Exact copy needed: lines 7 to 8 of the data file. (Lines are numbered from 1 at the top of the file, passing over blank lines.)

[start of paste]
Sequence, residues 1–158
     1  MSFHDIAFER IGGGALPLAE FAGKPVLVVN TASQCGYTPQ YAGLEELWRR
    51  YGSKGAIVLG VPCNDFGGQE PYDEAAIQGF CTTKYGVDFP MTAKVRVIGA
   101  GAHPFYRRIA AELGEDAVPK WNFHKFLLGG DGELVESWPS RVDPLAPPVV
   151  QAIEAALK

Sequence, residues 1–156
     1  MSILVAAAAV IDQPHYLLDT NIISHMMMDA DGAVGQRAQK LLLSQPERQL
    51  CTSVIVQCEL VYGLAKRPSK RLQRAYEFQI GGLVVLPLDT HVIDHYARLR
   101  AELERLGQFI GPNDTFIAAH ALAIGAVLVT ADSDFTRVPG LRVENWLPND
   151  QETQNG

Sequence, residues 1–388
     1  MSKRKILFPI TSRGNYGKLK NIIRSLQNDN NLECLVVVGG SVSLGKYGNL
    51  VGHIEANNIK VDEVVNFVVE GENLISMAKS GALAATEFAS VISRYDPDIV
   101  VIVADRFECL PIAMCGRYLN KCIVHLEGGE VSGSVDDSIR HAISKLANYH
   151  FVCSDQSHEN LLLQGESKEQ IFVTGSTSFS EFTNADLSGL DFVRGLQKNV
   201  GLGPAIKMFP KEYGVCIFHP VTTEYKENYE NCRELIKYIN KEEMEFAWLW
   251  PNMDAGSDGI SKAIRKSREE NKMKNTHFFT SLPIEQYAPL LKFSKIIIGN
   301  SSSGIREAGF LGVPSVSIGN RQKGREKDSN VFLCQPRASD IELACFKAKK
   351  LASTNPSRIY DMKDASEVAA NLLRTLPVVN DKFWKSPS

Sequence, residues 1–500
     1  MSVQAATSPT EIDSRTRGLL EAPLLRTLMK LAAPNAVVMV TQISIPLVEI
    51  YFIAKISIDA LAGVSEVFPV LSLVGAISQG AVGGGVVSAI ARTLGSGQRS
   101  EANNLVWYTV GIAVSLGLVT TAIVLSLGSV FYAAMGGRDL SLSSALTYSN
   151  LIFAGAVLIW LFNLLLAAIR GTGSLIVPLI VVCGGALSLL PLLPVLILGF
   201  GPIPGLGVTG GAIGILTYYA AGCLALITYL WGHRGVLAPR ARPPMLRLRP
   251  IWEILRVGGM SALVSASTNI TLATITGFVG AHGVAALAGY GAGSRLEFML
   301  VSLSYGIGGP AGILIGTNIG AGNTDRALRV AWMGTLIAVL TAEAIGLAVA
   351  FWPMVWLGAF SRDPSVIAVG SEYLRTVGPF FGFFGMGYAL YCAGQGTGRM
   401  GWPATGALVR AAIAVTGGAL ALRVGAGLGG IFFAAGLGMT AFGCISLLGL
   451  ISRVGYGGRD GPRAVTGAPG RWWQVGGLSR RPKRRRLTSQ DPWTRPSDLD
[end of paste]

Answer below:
     1  MSILVAAAAV IDQPHYLLDT NIISHMMMDA DGAVGQRAQK LLLSQPERQL
    51  CTSVIVQCEL VYGLAKRPSK RLQRAYEFQI GGLVVLPLDT HVIDHYARLR